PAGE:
Big Day for USC, Not for UCLA

Times Staff Writer

For a day anyway, there is not much debate about who is No. 1 in college football.

On Wednesday, the first day that high school players could sign letters of intent, USC appeared to have edged Louisiana State and other programs on the recruiting front.

For the record:

12:00 AM, Feb. 07, 2004 For The Record
Los Angeles Times Saturday February 07, 2004 Home Edition Main News Part A Page 2 National Desk 1 inches; 38 words Type of Material: Correction
College football -- In a listing in Thursday’s Sports section of high school players who have committed to play football at USC, the last name of Michael Stuart, a tight end from Westlake High, was misspelled as Stewart.

USC, coming off a 12-1 national co-championship season that included a Rose Bowl victory over Michigan, signed 17 players, including 14 high school players and three junior college players. Three other new players already are enrolled in school.

Several publications and websites that track recruiting proclaimed the Trojans’ class as the nation’s best. LSU, Florida State, Michigan and Oklahoma also had top-five classes.


“USC is apparently unwilling to settle for anything but the best talent,” said Allen Wallace, the publisher of SuperPrep magazine, who has been following recruiting since 1985.

Greg Biggins of Student Sports said USC Coach Pete Carroll and recruiting coordinator Ed Orgeron capitalized on the Trojans’ success on the field, and also refused to relent in their pursuit of targeted players.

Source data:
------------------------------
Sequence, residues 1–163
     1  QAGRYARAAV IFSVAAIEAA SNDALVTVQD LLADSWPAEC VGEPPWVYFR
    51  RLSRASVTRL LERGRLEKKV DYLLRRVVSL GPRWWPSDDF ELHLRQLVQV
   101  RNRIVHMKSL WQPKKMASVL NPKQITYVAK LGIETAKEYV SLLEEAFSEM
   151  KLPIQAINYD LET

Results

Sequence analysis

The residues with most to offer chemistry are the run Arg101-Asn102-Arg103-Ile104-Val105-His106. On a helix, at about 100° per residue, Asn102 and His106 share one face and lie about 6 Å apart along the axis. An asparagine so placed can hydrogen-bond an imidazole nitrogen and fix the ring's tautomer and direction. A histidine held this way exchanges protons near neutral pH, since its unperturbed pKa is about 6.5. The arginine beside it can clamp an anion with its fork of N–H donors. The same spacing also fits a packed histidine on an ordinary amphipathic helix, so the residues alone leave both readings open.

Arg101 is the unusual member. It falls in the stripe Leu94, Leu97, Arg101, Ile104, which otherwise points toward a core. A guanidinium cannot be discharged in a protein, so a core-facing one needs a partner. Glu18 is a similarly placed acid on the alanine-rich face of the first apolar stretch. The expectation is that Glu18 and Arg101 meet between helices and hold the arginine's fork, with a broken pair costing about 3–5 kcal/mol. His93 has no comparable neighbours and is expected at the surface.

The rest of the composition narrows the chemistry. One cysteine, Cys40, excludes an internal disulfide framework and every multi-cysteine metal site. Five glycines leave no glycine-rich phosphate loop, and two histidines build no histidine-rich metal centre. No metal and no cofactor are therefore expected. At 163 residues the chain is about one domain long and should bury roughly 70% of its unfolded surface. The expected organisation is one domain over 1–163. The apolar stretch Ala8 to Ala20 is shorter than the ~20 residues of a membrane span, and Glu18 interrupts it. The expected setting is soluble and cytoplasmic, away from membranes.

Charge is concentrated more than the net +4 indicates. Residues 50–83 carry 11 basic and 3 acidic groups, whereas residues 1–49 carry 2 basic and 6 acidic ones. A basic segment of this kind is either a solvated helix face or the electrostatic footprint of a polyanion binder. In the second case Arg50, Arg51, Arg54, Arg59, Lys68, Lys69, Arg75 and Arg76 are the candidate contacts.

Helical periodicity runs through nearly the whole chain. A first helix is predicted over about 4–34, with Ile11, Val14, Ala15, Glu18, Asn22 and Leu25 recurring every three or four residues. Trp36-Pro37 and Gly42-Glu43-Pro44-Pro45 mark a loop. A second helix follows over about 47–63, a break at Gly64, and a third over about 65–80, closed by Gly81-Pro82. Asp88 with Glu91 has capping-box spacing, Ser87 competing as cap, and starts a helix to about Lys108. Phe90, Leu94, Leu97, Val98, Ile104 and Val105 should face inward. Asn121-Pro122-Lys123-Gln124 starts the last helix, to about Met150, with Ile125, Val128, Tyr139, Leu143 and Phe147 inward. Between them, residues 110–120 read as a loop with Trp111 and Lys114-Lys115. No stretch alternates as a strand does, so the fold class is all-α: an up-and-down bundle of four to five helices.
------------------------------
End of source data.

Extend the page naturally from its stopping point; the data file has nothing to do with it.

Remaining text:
“Most coaching staffs see recruiting as a necessary evil,” Biggins said. “Carroll and those guys seem to get excited about it. The whole chase thing excites them.”

Jeff Duva, publisher of PrepStar magazine, said: “Kids want to play for a winner.”


Among the Trojans’ 20 players are five offensive linemen, three wide receivers, three linebackers, four defensive linemen, two tight ends, two safeties and one quarterback. Several players are listed at multiple positions.

USC’s only real disappointment Wednesday came when Cameron Colvin, a wide receiver from Concord De La Salle High, announced that he had chosen Oregon over USC and Michigan.

“We shot really high for the guys we went after,” Carroll said. “We didn’t get them all, but we hit it well.”

USC signed several top prospects from the Southland and the rest of California and also continued to extend its national reach. Two years ago, the Trojans took receiver Mike Williams from Florida. Last year, USC lured running back LenDale White from Colorado and quarterback John David Booty from Louisiana.


This year’s class includes offensive lineman Jeff Byers of Loveland, Colo., linebacker Keith Rivers of Lake Mary, Fla., and receivers Dwayne Jarrett of New Brunswick, N.J., and Fred Davis of Toledo, Ohio.

Carroll credited Byers, regarded as perhaps the nation’s top high school lineman, for providing the Trojans with recruiting momentum. After announcing in October that he would attend USC, Byers sold other top recruits on the Trojans, especially during a postseason all-star game in Texas.

“When the excitement and the enthusiasm about your recruiting class is generated by the recruits themselves, and they share their competitiveness and the way they want to go about it, it made for the kind of ingredients to put together a great group,” Carroll said.

Offensive lineman Taitusi Lutui, linebacker Ryan Powdrell and safety Scott Ware were junior college players who signed Wednesday. Offensive lineman Alatini Malu, who played at Long Beach City College, is enrolled at USC and will participate in spring practice along with Davis, who graduated a semester early from high school, and offensive lineman Travis Draper, who signed with the Trojans last year but did not qualify for admission.